Lehtonen, J., & Helanterä, H. (2020). Superorganismal anisogamy: queen–male dimorphism in eusocial insects. Proceedings of the Royal Society B: Biological Sciences, 287(1928), 20200635. https://doi.org/10.1098/rspb.2020.0635
Superorganismal anisogamy : queen–male dimorphism in eusocial insects
|Author:||Lehtonen, Jussi1; Helanterä, Heikki2|
1Faculty of Science, School of Life and Environmental Sciences, The University of Sydney, Sydney, New South Wales 2006, Australia
2Ecology and Genetics Research Unit, University of Oulu, Oulu, Finland
|Online Access:||PDF Full Text (PDF, 0.4 MB)|
|Persistent link:|| http://urn.fi/urn:nbn:fi-fe2020101383969
The Royal Society,
|Publish Date:|| 2020-10-13
Colonies of insects such as ants and honeybees are commonly viewed as ‘superorganisms’, with division of labour between reproductive ‘germline-like’ queens and males and ‘somatic’ workers. On this view, properties of the superorganismal colony are comparable with those of solitary organisms to such an extent that the colony itself can be viewed as a unit analogous to an organism. Thus, the concept of a superorganism can be useful as a guide to thinking about life history and allocation traits of colonies as a whole. A pattern that seems to reoccur in insects with superorganismal societies is size dimorphism between queens and males, where queens tend to be larger than males. It has been proposed that this is analogous to the phenomenon of anisogamy at the level of gametes in organisms with separate sexes; more specifically, it is suggested that this caste dimorphism may have evolved via similar selection pressures as gamete dimorphism arises in the ‘gamete competition’ theory for the evolution of anisogamy. In this analogy, queens are analogous to female gametes, males are analogous to male gametes, and colony survival is analogous to zygote survival in gamete competition theory. Here, we explore if this question can be taken beyond an analogy, and whether a mathematical model at the superorganism level, analogous to gamete competition at the organism level, may explain the caste dimorphism seen in superorganismal insects. We find that the central theoretical idea holds, but that there are also significant differences between the way this generalized ‘propagule competition’ theory operates at the levels of solitary organisms and superorganisms. In particular, we find that the theory can explain superorganismal caste dimorphism, but compared with anisogamy evolution, a central coevolutionary link is broken, making the requirements for the theory to work less stringent than those found for the evolution of anisogamy.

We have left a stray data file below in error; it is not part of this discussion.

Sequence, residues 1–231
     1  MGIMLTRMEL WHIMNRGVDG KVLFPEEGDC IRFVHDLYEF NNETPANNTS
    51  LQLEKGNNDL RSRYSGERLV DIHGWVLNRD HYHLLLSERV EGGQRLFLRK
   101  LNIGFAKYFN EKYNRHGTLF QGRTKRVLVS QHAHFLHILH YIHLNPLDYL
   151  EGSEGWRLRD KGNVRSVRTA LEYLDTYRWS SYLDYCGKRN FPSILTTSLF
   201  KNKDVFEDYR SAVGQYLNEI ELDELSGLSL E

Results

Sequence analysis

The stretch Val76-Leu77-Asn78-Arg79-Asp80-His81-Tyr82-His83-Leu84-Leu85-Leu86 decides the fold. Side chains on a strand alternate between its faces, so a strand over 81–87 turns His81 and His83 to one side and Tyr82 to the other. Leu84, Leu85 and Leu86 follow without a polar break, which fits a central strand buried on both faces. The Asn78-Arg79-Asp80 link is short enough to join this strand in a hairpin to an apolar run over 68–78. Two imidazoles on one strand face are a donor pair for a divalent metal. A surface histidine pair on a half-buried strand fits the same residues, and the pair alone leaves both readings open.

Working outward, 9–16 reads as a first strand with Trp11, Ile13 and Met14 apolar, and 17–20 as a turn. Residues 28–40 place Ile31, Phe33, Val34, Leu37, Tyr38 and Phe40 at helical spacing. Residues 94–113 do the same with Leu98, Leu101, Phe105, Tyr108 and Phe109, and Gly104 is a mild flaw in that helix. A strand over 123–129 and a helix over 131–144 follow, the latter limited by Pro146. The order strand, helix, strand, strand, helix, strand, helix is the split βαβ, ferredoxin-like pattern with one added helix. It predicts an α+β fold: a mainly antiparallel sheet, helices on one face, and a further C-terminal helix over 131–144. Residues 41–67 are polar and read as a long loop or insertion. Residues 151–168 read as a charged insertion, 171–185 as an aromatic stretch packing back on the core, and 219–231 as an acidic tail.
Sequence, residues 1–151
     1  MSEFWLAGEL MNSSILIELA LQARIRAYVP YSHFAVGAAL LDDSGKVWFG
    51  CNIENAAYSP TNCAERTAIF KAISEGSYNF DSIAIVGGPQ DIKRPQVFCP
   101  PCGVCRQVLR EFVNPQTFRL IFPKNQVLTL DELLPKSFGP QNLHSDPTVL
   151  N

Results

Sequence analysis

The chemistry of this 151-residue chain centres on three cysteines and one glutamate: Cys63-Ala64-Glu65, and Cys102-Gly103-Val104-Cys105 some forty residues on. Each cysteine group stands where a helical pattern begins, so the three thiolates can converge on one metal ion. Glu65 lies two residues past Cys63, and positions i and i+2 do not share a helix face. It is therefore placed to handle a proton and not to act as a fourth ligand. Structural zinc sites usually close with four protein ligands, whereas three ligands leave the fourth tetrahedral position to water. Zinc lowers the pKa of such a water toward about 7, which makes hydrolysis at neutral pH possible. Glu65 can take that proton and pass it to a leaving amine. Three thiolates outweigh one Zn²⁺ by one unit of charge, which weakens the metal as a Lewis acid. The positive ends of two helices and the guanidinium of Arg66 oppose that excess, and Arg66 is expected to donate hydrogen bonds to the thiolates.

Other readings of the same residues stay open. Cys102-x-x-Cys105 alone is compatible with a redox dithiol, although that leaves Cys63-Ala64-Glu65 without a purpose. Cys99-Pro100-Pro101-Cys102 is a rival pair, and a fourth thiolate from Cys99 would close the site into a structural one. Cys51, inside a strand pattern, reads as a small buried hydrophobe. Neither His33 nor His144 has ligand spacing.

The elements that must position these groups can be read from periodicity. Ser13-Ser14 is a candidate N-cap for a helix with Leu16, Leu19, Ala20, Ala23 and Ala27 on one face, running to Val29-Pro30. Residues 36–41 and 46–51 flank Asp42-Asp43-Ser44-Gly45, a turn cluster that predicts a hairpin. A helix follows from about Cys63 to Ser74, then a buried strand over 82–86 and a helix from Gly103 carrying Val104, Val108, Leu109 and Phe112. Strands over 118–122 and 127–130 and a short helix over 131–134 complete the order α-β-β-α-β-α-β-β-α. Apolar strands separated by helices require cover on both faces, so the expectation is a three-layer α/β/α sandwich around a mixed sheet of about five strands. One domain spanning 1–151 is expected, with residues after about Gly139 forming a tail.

Proceedings of the Royal Society. B, Biological sciences
|Type of Publication:||
A1 Journal article – refereed
|Field of Science:||
1181 Ecology, evolutionary biology
J.L. is funded by an Australian Research Council Discovery Early Career Research Award (project no. DE180100526) from the Australian Government. H.H. has been funded by the Kone Foundation.
Electronic supplementary material is available online at https://doi.org/10.6084/m9.figshare.c.5004641.
© 2020 The Authors. Published by the Royal Society under the terms of the Creative Commons Attribution License http://creativecommons.org/licenses/by/4.0/, which permits unrestricted use, provided the original author and source are credited.